Stacey Abrams Blasted Voter Suppression In A Speech Ending Her Bid For Georgia Governor

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Ten days after Election Day, Democratic candidate Stacey Abrams ended her bid for Georgia governor during a press conference on Friday evening. Decrying the "suppression of the people's vote," Abrams said that she was not delivering a "speech of concession," but acknowledged that her Republican opponent Brian Kemp will be the winner of the contentious race.

"I will not concede because the erosion of our democracy is not right," Abrams said.

The Georgia Democrat criticized the election process, alleging that Kemp had practiced "systemic disenfranchisement" that affected the election's ultimate outcome. Kemp was the state chief elections administrator, per NBC News, and came under fire ahead of the midterm elections for alleged voter roll purging. During her speech on Friday, Abrams said that she would file “a major federal lawsuit” contesting Kemp’s “gross mismanagement” of the election.

"Under the watch of the now former secretary of state, democracy failed Georgia," Abrams said, highlighting the alleged voter suppression that primarily targeted black voters. "I know that eight years of systemic disenfranchisement, disinvestment and incompetence had its desired affect on the electoral process in Georgia."

Although the governor's race was extremely close, Kemp declared victory one day after the midterms, and resigned as Georgia's secretary of state. But Abrams refused to concede, and she and her allies spent more than a week demanding that all votes be counted, in the hopes that she could force a run-off election at the beginning of December.

With Friday evening marking the deadline for all Georgia counties to certify their votes, however, Abrams acknowledged during her speech that she could find “no further viable remedy” to challenge the election results.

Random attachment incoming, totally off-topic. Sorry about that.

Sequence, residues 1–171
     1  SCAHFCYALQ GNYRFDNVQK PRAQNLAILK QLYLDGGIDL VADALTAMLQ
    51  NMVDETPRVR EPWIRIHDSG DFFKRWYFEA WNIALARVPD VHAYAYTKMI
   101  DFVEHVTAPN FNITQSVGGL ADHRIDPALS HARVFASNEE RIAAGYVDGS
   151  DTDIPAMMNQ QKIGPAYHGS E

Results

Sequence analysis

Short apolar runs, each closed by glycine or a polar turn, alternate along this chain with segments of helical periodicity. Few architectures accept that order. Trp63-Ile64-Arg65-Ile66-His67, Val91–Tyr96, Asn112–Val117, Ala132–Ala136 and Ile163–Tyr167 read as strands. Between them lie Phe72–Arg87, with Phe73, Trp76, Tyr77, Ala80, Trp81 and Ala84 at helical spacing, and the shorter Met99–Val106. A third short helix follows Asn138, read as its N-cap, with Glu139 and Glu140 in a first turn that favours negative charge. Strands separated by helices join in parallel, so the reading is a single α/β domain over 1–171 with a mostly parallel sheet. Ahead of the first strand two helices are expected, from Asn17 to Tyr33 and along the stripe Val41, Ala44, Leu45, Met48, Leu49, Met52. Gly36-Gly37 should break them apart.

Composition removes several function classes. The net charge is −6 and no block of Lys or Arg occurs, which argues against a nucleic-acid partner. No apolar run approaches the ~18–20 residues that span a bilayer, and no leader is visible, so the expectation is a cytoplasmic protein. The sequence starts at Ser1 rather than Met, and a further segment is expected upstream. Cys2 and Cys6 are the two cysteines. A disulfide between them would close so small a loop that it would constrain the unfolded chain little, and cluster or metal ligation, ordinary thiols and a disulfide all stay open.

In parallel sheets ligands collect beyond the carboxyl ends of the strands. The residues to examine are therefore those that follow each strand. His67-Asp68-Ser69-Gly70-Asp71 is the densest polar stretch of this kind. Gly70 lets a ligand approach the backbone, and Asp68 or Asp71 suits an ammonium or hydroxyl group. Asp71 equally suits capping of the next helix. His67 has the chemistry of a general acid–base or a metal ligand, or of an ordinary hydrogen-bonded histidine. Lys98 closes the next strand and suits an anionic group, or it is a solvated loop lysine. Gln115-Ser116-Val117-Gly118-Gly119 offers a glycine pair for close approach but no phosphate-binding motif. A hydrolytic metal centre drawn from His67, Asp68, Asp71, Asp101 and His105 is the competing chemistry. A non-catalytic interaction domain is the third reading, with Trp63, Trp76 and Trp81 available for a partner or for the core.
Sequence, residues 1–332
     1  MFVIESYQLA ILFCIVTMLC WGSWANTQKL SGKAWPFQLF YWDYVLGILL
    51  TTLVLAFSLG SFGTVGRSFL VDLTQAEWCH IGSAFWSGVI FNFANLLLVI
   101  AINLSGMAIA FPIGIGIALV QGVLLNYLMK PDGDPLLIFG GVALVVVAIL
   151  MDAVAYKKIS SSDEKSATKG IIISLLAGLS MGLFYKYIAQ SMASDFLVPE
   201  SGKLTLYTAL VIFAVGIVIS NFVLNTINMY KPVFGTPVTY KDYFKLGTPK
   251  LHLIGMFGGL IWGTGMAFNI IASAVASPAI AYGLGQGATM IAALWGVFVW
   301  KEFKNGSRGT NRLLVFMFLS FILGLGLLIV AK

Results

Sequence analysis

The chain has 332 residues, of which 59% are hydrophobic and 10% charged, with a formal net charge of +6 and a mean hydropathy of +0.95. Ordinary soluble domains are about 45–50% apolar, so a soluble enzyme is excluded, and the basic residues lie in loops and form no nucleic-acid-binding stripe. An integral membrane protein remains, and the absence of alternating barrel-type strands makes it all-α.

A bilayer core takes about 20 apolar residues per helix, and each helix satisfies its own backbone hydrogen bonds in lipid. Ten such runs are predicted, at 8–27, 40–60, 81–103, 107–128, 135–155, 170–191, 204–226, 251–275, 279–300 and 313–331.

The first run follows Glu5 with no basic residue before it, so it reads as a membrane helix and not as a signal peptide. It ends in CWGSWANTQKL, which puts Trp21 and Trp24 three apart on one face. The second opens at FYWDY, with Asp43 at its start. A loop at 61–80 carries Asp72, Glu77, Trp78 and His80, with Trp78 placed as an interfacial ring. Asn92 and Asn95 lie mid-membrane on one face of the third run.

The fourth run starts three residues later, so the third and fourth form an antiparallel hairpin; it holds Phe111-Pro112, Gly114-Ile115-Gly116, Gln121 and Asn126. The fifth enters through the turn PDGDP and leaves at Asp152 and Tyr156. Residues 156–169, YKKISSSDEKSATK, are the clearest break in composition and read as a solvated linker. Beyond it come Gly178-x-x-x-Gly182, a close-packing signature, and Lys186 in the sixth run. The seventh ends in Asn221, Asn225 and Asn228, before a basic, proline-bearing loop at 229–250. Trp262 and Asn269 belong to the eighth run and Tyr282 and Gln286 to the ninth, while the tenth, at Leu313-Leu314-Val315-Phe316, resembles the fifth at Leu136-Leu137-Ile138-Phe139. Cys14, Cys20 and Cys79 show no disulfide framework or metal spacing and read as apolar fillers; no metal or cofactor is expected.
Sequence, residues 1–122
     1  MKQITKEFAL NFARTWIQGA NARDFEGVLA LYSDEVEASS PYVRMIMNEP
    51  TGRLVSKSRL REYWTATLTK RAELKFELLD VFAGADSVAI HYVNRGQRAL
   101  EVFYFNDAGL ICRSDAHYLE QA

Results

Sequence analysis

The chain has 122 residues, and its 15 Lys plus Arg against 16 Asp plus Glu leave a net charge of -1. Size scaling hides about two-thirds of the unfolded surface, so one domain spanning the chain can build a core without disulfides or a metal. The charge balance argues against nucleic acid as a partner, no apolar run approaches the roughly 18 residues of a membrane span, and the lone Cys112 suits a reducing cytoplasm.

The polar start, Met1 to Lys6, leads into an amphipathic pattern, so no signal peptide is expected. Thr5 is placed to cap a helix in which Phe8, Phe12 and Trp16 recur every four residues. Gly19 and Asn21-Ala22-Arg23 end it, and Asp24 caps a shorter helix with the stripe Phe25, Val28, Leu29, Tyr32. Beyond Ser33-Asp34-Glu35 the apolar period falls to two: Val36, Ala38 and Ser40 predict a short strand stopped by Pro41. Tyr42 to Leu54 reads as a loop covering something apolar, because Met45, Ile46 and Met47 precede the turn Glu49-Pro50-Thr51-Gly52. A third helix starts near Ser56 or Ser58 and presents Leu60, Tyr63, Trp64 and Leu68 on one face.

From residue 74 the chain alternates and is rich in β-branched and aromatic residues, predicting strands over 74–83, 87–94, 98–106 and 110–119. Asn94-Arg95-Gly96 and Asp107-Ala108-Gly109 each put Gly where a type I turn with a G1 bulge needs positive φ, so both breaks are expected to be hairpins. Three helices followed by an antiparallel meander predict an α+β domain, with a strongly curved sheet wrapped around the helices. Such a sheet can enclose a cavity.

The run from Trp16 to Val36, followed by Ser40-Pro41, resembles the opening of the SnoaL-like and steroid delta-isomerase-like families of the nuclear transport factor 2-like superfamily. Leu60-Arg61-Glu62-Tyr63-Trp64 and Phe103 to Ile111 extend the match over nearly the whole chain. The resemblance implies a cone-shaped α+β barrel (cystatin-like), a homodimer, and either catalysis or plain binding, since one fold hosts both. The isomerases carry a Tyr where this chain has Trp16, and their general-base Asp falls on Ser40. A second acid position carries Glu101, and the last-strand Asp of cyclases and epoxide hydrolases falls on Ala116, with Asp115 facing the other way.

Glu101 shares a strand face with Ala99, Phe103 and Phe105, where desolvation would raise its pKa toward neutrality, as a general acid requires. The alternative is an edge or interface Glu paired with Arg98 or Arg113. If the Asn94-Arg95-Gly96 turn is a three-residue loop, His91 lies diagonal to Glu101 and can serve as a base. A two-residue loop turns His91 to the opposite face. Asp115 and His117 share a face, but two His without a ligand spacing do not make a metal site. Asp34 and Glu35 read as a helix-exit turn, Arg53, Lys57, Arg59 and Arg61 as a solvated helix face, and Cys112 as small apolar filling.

Abrams explicitly chose not to give a concession speech, but Kemp released a statement shortly after her speech noting that she had "conceded the race and officially ended her campaign for governor," per the Atlanta Journal-Constitution.

"I appreciate her passion, hard work, and commitment to public service," Kemp said in his statement. "The election is over and hardworking Georgians are ready to move forward. We can no longer dwell on the divisive politics of the past but must focus on Georgia's bright and promising future."

Abrams, meanwhile, said during her speech that even though she could not concede "as a woman of conscience and faith," she will nonetheless "pray for the success of Brian Kemp that he will indeed be a leader of all Georgians."

“It is not about me, it is about us, it is about the democracy that we share,” Abrams said. "I can certainly bring a new case to keep this one contest alive, but I don't want to hold public office if I need to scheme my way into the post. Because the title of governor isn't nearly as important as our shared title — voters. And that is why we fight on."

However, the Associated Press reported that Abrams' legal team is still “considering all options,” and may rely on a statute that allows losing candidates to challenge election results on the basis of "misconduct, fraud, or irregularities."